15. OzarkHillbilly says:

    @Mister Bluster: Whenever somebody asked my sister if her dogs bite, she always replied, “Not yet.”

  16. mattbernius says:

    Personal take: This has little to do with breed, breeding, or training. Breeds and breeding will influence dog behavior, but they are at most indicators of expected temperament (unless there is something really serious like inbreeding). Same thing with training. Everything could have been done perfectly like this and the outcomes would be the same.

    Ultimately every dog is an individual (much like people) and most dogs have a really difficult time (like most humans) in an environment as chaotic as the modern White House (to @Sleeping Dog’s point). Like most social animals, most dogs prefer having a job and a pretty static routine–that isn’t that environment.

    When it comes down to it dogs only have a limited number of communication skills (which include biting at varying levels of severity). And a lot of humans don’t understand a lot of the dogs’ more subtle communication signals (and often misinterpret things).

    The level of bomb-proof a dog needs to be to survive in the White House is honestly off the charts (and that shows why so many of recent President’s dogs have a bite history).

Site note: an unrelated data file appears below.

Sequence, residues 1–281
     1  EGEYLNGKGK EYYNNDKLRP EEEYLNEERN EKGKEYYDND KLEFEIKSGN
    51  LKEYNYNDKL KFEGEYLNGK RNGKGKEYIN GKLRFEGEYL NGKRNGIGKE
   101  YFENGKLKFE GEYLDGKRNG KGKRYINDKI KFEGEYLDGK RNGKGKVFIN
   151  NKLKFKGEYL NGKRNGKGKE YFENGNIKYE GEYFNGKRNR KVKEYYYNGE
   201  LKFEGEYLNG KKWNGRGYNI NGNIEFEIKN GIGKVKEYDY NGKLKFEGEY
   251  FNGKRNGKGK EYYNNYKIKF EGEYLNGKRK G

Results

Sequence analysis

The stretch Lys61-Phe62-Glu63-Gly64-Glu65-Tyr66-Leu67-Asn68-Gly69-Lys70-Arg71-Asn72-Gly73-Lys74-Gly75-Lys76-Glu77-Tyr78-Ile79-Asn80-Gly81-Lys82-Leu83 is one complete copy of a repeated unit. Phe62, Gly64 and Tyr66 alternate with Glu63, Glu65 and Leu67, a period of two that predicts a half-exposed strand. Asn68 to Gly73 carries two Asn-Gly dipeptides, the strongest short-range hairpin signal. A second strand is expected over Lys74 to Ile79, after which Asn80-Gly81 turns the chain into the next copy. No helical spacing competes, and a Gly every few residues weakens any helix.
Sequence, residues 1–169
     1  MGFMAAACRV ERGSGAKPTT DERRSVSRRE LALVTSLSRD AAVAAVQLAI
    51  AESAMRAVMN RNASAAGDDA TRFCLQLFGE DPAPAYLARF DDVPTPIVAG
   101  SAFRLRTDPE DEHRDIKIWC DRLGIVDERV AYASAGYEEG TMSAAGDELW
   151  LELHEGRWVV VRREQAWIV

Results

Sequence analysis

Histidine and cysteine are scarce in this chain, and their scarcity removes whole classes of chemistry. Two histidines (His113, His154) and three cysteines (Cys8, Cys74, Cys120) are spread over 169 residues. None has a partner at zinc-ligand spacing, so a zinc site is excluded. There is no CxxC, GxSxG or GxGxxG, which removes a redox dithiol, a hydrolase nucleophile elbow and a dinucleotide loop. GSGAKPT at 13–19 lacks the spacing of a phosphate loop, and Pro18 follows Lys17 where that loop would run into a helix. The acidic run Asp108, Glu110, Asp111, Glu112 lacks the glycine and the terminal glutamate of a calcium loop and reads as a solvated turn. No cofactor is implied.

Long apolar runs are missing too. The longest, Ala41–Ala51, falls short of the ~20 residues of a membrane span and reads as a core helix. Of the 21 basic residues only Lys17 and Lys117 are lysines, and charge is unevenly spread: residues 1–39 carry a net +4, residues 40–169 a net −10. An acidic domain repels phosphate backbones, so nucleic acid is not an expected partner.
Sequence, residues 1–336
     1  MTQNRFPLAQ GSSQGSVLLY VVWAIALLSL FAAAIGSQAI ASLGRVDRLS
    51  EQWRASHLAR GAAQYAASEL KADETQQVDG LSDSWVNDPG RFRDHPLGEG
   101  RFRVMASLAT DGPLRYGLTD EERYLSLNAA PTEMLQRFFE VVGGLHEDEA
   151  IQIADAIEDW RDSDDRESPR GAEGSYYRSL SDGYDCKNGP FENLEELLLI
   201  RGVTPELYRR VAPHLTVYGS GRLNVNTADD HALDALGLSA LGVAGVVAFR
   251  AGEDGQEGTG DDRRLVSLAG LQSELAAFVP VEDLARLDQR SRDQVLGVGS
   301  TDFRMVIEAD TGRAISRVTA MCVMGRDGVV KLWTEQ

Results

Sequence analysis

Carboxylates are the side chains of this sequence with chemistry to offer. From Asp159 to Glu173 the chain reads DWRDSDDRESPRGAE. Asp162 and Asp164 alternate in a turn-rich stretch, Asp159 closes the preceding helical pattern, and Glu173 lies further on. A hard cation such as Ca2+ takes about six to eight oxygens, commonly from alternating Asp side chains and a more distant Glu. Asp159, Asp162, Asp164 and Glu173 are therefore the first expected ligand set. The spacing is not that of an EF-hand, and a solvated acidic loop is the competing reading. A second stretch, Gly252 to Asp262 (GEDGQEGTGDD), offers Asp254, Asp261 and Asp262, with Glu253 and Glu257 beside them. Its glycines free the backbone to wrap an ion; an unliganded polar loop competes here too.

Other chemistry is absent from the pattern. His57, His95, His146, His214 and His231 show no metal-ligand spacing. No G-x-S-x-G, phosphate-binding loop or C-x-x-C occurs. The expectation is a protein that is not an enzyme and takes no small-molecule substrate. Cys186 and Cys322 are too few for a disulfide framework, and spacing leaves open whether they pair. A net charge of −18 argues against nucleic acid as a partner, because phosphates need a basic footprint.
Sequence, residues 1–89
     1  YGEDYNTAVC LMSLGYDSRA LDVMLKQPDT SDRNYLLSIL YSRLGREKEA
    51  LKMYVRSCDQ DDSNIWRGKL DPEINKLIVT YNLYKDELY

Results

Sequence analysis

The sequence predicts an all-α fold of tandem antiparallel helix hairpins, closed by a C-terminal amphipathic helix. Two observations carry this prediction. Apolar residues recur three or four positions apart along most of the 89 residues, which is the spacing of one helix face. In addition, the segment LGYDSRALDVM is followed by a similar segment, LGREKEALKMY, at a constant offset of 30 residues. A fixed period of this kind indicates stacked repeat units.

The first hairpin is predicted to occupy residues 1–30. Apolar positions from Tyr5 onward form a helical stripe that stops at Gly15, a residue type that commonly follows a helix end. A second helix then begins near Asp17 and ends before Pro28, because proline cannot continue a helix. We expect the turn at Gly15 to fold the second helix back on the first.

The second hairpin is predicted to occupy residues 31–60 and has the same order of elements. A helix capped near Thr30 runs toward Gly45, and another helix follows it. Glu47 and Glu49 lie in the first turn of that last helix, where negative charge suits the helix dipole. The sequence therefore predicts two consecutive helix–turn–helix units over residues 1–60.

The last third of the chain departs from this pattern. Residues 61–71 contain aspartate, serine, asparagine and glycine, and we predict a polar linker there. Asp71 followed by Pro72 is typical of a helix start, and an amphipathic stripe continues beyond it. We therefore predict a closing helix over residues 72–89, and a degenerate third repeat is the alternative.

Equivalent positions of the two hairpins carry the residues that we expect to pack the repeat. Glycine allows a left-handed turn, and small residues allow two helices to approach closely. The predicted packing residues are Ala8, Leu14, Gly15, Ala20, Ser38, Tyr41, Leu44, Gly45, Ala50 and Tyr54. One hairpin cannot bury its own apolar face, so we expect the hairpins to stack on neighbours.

* – FWIW, my understanding is that the pace of life at the White House has changed SIGNIFICANTLY over the past 50 years or so and that needs to be taken into account.

  17. Andy says:

    A dog’s behavior is ultimately the responsibility of the owners.

    Dogs biting people 11 times is a big problem – if my dogs bit people 11 times I’d, rightly, suffer some serious consequences and likely be forced to put the dogs down. But the President can’t be sued and Animal Control isn’t going to come knocking, so there are no consequences. That doesn’t mean there is no responsibility.

    Yes, the WH is unusual, but I don’t think that’s a valid excuse, especially when the Bidens decided to bring in a breed that is not optimized for that environment without proper training. Speaking of which, it also seems pretty clear there is a lack of proper training. German Shepherds can do very well in stressful situations with the right training, which is one reason why there are popular working dogs. The Bidens are certainly rich enough to either bring in a professional trainer, to work with the dogs at the WH, or send the dogs away for a time to get proper professional training. And given that dogs generally need a lot of attention and exercise, especially a more active dog like a GS, they can get a dog sitter too to keep them entertained and active given the Biden’s very busy schedules.

    I also think about what might happen if the Secret Service had to quickly react against a threat to the President, which would likely be interpreted by the dog as attacking the President. In that case, they might have to shoot the dog to do their jobs, a tragic result that would be the owners, not the dogs, fault.

  18. Moosebreath says:


    “Whenever somebody asked my sister if her dogs bite, she always replied, “Not yet.””

    I think that this video is the best way of answering the question.

  19. Kathy says: